As to the arbitrary and capricious issue raised by the Federation of Homemakers, we are...

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9 practice notes
  • Grocery Mfrs. of America, Inc. v. Gerace, Nos. 177
    • United States
    • United States Courts of Appeals. United States Court of Appeals (2nd Circuit)
    • February 14, 1985
    ...have upheld its validity. National Milk Producers Federation v. Harris, 653 F.2d 339 (8th Cir.1981); Federation of Homemakers v. Schmidt, 539 F.2d 740 (D.C.Cir.1976). We could scarcely improve on the D.C. Circuit's perspicacious decision in Federation of Homemakers sustaining the FDA's defi......
  • Bilingual Bicultural Coalition on Mass Media, Inc. v. F.C.C., Nos. 75-1855
    • United States
    • United States Courts of Appeals. United States Court of Appeals (District of Columbia)
    • September 16, 1977
    ...332. See Black Broadcasting, 181 U.S.App.D.C. at 184-185, 556 F.2d at 61-62; NOW, 181 U.S.App.D.C. at 78, 555 F.2d at 1015; Alianza, 176 U.S.App.D.C. at 261, 539 F.2d at 740; Columbus Broadcasting, 164 U.S.App.D.C. at 222, 505 F.2d at 329; Bilingual I, 160 U.S.App.D.C. at 393, 492 F.2d at 6......
  • Hercules, Inc. v. E.P.A., Nos. 77-1248
    • United States
    • United States Courts of Appeals. United States Court of Appeals (District of Columbia)
    • November 3, 1978
    ...U.S.App.D.C. 236 at 244, 595 F.2d 621 at 629 (1978) (en banc) (minority workforce statistics); Federation of Homemakers v. Schmidt, 176 U.S.App.D.C. 261, 264-65, 539 F.2d 740, 743-44 (1976) (food content standards). A principal rationale for the "zone of reasonableness" concept is......
  • Grocery Mfrs. of America, Inc. v. Gerace, No. 83 Civ. 8629 (HFW).
    • United States
    • United States District Courts. 2nd Circuit. United States District Courts. 2nd Circuit. Southern District of New York
    • March 8, 1984
    ...Commissioner argues that the FDA's definition of imitation is contrary to the FDCA and is invalid. In Federation of Homemakers v. Schmidt, 539 F.2d 740 (D.C.Cir.1976), the District of Columbia Circuit Court of Appeals deferred to the expertise of the FDA in promulgating its definition of im......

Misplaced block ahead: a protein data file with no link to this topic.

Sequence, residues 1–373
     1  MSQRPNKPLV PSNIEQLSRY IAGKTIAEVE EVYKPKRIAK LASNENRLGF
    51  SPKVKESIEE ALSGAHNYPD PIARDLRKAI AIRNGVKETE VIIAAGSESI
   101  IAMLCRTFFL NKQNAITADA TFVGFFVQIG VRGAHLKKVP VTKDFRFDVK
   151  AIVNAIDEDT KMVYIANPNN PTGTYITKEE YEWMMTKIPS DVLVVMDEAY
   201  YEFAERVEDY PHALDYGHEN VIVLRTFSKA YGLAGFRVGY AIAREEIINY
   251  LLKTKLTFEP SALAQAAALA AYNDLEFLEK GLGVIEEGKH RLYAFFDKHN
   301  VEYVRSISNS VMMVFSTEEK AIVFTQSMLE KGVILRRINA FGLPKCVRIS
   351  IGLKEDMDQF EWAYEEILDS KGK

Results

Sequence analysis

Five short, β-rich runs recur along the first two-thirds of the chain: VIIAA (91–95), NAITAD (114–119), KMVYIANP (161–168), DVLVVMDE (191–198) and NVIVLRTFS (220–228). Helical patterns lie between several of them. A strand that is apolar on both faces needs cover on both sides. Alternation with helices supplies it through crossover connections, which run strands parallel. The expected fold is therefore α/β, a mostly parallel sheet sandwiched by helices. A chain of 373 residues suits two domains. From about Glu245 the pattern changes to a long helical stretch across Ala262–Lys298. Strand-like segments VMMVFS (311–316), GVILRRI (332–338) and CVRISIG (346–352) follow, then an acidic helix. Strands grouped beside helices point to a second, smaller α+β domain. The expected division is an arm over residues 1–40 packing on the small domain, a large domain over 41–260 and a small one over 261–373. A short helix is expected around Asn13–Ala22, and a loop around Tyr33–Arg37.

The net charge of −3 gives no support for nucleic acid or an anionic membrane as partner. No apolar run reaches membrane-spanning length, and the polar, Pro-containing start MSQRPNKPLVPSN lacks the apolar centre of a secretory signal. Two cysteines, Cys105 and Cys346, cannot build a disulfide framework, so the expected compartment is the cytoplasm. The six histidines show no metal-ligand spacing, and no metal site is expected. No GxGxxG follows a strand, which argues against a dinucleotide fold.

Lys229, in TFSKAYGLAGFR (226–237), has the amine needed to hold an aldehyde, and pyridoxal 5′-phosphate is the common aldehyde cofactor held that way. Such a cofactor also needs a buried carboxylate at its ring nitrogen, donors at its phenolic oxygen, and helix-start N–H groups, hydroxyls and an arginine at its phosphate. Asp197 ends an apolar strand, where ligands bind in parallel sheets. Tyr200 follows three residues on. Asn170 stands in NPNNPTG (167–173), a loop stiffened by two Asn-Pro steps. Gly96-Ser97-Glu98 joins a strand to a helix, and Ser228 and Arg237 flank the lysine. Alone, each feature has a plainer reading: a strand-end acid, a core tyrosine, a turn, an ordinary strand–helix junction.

• Request a trial to view additional results
9 cases
  • Grocery Mfrs. of America, Inc. v. Gerace, Nos. 177
    • United States
    • United States Courts of Appeals. United States Court of Appeals (2nd Circuit)
    • February 14, 1985
    ...have upheld its validity. National Milk Producers Federation v. Harris, 653 F.2d 339 (8th Cir.1981); Federation of Homemakers v. Schmidt, 539 F.2d 740 (D.C.Cir.1976). We could scarcely improve on the D.C. Circuit's perspicacious decision in Federation of Homemakers sustaining the FDA's defi......
  • Bilingual Bicultural Coalition on Mass Media, Inc. v. F.C.C., Nos. 75-1855
    • United States
    • United States Courts of Appeals. United States Court of Appeals (District of Columbia)
    • September 16, 1977
    ...332. See Black Broadcasting, 181 U.S.App.D.C. at 184-185, 556 F.2d at 61-62; NOW, 181 U.S.App.D.C. at 78, 555 F.2d at 1015; Alianza, 176 U.S.App.D.C. at 261, 539 F.2d at 740; Columbus Broadcasting, 164 U.S.App.D.C. at 222, 505 F.2d at 329; Bilingual I, 160 U.S.App.D.C. at 393, 492 F.2d at 6......
  • Hercules, Inc. v. E.P.A., Nos. 77-1248
    • United States
    • United States Courts of Appeals. United States Court of Appeals (District of Columbia)
    • November 3, 1978
    ...U.S.App.D.C. 236 at 244, 595 F.2d 621 at 629 (1978) (en banc) (minority workforce statistics); Federation of Homemakers v. Schmidt, 176 U.S.App.D.C. 261, 264-65, 539 F.2d 740, 743-44 (1976) (food content standards). A principal rationale for the "zone of reasonableness" concept is that it f......
  • Grocery Mfrs. of America, Inc. v. Gerace, No. 83 Civ. 8629 (HFW).
    • United States
    • United States District Courts. 2nd Circuit. United States District Courts. 2nd Circuit. Southern District of New York
    • March 8, 1984
    ...Commissioner argues that the FDA's definition of imitation is contrary to the FDCA and is invalid. In Federation of Homemakers v. Schmidt, 539 F.2d 740 (D.C.Cir.1976), the District of Columbia Circuit Court of Appeals deferred to the expertise of the FDA in promulgating its definition of im......
  • Request a trial to view additional results